Space Mountain - Why is this attraction so dark compared to the version in Disneyland? The experience in California is so much better because you can make out the ride vehicles traveling through the darkness. In WDW, you can't see anything. The side-by-side seats in California are better, too.
Peoplemover - It has so much potential, but they've neglected it to the point where you ride around, but you don't see anything. Every inch of available wall space as you travel around the track should have something to look at. You should be able to see the Space Mountain ride vehicles. It should build the feeling that Tomorrowland is a cohesive experience. They've made it an afterthought. I see Alamo Rental Car is the sponsor; I'd want my money back.
Monsters Inc Laugh Factory - I've read a lot of bad things on the internet and I think it gets an unfair bad reputation. If the people selected are good sports, it can be a fun time. Everyone in my family considered this a pleasant surprise.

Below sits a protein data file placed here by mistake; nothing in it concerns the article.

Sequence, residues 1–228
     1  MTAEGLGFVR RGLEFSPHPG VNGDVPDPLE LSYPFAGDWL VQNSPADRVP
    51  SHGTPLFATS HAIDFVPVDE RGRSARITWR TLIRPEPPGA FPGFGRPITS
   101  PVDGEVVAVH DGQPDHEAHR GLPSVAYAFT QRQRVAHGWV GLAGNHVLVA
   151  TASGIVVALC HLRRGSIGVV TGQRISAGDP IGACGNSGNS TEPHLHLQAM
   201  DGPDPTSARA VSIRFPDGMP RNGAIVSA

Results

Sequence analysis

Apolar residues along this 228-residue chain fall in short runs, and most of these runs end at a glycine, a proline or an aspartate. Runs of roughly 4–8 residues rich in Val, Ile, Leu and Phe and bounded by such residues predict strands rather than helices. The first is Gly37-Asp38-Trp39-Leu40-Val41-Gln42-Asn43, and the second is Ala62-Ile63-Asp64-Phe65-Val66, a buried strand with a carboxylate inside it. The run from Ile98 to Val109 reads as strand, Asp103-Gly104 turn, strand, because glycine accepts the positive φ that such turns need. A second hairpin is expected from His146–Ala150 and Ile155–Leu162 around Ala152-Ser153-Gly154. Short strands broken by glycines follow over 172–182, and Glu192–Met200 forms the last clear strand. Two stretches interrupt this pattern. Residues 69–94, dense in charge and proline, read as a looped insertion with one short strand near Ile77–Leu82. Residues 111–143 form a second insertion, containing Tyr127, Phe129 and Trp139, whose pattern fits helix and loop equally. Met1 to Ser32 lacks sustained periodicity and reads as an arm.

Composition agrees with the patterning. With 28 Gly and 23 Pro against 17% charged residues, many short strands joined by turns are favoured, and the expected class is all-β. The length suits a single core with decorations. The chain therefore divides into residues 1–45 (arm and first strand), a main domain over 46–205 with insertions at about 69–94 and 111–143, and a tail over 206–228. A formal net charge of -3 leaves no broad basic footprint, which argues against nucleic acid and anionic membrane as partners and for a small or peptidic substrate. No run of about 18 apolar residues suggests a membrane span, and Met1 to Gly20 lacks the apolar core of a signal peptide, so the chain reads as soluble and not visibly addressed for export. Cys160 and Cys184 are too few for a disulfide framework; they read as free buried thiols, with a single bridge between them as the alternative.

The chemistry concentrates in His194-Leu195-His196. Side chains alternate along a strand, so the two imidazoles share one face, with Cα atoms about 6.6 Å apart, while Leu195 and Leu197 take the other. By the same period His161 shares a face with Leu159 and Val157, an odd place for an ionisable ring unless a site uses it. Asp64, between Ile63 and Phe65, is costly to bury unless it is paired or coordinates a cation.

Stitch's Great Escape - On the other hand, its bad reputation is well earned. I've never seen the film - is Stitch an a-hole in the movie? I can't believe Disney tried to elevate the character's profile in the parks to the extent it did. People like this character?
Buzz Lightyear - All I know is, at the very end of the ride, I was beating my 67 year old mother 52,000 to 1,500 ... I took a few shots at last target and looked down again ... and she was beating me 101,500 to 55,000. Somewhere there's a 100k point target. This loss cost me much humiliation over the course of the vacation.